- The Flint water crisis is a failure at every level of government.
- Environmental Protection Agency (EPA) Region 5 was aware of dangerously high levels of lead in Flint drinking water in April 2015, yet failed to act until January 2016 when they were forced to intervene.
- EPA has an obligation to act under the Safe Drinking Water Act (SDWA) if the state is not in compliance with national standards of oversight and enforcement of public water systems.
- Del Toral’s June 2015 memo unmistakably triggered the EPA’s obligation to act and assert control over the crisis.
- Instead, then Region 5 Administrator Susan Hedman downplayed and dismissed the memo to Flint’s Mayor and Flint residents.
- Flint resident and mother LeeAnn Walters testified that “Susan Hedman cared more about policy than the welfare of an entire community, while punishing and silencing the one person that was willing to help us.”
- EPA refused an October 2015 emergency petition pleading with the agency to “take all actions necessary to abate the endangerment presented by lead in Flint’s drinking water and to inform Flint residents about the potential hazards of drinking the City’s tap water.”
- For more than ten years, EPA has failed to meet important deadlines for finalizing regulations associated with the SDWA.
- EPA has prioritized finalizing ideologically driven rules like Waters of the United States and the Clean Power Plan over protecting drinking water.
- To examine the ongoing situation in Flint, Michigan.
- To review the Environmental Protection Agency’s (EPA) administration of the Safe Drinking Water Act in Flint, Michigan.
- Prior to April 2014, the city of Flint, Michigan received its drinking water from the City of Detroit’s system.
- In the months following the switch, the Flint River water began testing high in chloride levels, which caused it to be highly corrosive.
- One serious effect of corrosion is that it causes water pipes made of lead to leach into the water.
- Furthermore, the water tested positive for disease-carrying bacteria.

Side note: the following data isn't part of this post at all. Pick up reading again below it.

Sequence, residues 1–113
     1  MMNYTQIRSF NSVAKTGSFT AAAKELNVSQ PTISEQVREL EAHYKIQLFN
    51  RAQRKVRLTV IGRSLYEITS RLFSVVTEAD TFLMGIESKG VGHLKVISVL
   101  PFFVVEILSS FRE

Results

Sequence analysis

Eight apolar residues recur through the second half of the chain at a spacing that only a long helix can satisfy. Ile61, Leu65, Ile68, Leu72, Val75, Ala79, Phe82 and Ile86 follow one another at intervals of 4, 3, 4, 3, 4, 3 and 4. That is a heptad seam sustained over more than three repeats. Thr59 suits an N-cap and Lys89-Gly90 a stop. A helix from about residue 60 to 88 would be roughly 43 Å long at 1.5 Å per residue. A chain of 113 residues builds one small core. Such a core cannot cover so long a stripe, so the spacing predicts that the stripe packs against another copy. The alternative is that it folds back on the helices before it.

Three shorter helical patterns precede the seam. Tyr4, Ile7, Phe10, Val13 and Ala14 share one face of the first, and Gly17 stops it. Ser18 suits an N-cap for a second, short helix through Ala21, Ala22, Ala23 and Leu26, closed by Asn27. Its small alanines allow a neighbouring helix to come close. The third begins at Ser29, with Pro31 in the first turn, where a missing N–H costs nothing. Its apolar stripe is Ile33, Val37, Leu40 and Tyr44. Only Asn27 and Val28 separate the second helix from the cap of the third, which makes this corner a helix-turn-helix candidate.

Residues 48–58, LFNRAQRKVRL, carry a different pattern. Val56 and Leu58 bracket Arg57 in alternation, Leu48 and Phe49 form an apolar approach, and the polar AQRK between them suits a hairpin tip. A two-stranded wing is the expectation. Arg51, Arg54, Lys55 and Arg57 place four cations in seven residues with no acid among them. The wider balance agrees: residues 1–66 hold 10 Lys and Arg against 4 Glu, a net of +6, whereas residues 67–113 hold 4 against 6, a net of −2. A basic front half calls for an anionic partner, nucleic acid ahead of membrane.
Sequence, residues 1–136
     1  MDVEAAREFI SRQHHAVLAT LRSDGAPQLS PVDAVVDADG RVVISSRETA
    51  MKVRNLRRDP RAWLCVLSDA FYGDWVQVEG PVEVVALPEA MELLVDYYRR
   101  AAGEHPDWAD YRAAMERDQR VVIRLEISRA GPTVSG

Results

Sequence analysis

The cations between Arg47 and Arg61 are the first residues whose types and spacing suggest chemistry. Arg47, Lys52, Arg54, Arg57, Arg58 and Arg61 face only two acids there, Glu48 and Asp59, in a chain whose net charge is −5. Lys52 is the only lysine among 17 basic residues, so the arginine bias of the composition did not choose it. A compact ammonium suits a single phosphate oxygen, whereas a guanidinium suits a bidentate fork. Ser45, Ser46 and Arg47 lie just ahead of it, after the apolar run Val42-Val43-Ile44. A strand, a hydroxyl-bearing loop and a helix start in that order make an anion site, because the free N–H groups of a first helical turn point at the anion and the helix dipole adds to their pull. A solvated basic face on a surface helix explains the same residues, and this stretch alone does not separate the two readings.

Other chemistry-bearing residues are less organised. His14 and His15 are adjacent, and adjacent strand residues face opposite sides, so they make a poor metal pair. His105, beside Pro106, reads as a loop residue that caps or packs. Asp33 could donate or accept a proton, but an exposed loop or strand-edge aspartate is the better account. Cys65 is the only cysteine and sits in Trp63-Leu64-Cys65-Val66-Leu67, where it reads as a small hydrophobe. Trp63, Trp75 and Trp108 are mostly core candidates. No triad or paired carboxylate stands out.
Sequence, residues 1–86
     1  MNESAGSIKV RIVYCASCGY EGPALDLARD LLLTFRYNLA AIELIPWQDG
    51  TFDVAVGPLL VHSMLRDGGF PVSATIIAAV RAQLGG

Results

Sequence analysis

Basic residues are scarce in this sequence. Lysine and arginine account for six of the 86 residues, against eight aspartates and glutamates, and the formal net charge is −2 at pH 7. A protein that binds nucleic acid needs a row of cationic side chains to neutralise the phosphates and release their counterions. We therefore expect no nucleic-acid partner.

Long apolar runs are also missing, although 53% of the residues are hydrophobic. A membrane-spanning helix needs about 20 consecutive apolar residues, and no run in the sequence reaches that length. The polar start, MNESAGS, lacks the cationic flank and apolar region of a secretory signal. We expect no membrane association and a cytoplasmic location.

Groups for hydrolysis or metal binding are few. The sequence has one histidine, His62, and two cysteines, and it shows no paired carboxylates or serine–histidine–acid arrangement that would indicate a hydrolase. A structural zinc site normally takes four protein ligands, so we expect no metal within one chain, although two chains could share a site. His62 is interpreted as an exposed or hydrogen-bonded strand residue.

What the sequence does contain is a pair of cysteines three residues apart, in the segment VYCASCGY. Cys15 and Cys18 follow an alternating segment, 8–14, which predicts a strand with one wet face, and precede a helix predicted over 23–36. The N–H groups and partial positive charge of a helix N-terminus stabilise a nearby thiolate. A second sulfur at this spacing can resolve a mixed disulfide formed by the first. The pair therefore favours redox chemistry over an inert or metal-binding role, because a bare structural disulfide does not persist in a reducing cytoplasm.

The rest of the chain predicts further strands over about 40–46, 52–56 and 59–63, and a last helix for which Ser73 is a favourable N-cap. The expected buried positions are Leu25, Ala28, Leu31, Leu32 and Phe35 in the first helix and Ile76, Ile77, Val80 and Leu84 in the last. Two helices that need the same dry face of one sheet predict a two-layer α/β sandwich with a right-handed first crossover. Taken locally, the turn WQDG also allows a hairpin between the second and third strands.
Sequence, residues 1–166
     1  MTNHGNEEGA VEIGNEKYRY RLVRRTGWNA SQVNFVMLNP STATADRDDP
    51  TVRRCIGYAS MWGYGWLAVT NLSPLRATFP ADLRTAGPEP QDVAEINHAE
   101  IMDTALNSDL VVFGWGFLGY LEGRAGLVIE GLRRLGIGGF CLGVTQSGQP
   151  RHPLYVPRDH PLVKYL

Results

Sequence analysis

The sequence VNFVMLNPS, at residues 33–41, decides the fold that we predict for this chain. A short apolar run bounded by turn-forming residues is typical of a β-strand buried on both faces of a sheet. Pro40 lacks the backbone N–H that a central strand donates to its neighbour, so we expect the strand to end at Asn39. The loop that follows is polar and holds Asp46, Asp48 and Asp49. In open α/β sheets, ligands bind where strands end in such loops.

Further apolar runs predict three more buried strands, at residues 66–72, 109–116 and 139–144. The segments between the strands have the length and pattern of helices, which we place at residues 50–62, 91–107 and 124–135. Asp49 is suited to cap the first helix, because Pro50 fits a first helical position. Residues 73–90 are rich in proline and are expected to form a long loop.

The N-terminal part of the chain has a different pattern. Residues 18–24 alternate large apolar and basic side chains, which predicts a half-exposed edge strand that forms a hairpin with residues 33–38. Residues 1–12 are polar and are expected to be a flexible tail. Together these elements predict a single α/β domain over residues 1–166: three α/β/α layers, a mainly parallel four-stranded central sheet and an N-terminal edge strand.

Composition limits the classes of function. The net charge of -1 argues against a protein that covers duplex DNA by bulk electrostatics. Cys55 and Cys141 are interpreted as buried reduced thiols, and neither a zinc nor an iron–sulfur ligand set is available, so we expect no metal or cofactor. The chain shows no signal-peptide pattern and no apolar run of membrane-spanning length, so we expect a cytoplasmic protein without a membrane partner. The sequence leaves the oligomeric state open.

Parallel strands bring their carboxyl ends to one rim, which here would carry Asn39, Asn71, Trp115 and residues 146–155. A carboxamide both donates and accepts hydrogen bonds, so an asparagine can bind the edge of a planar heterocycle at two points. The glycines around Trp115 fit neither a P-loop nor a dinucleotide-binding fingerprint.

- Reports indicated that the EPA, which has oversight over state and local water systems under the Safe Drinking Water Act, had known about contamination as early as June of 2015, detailed in an internal EPA memo.
- EPA Region 5 Administrator Susan Hedman announced her resignation effective February 1, 2016 and the EPA Office of Inspector General launched an investigation into the crisis.
- The Committee previously examined mismanagement at the EPA with hearings held April 30 and July 29 in 2015.
Chairman Jason Chaffetz (R-UT): “It’s important for the EPA to tell the public that they’re poisoning their kids if they drink the water. … They sat on that for almost a year.”
Rep. Mark Meadows (R-NC): “We have a reoccurring theme here. We have unbelievable regulations, but the EPA does not enforce its regulations.”
Rep. Jody Hice (R-GA): “I don’t know, Mr. Chairman, that there’s been more of a catastrophe in government handling of an issue since Hurricane Katrina. This is absolutely a train wreck in every way and EPA is so far behind not doing their job.”
Witnesses and testimonies
|The Hon. Dan Kildee||Representative (MI-5)||U.S. House of Representative||1|
|Mr. Joel Beauvais||Acting Deputy Assistant Administrator, Office of Water||U.S. Environmental Protection Agency||2||Document|
|Mr. Keith Creagh||Director, Department of Environmental Quality||State of Michigan||2||Document|
|Mr. Marc Edwards||Charles P. Lundsford Professor of Environmental and Water Engineering||Virginia Polytechnic Institute and State University||2||Document|
|Ms. LeeAnne Walters||Flint Resident||2|
|High Lead Levels in Flint, MI - Interim Report Memorandum||Document|
|April 27 - No Corrosion Email||Document|
|EPA Safe Drinking Water Petition||Document|
|Letter from American Federation of Government Employees||Document|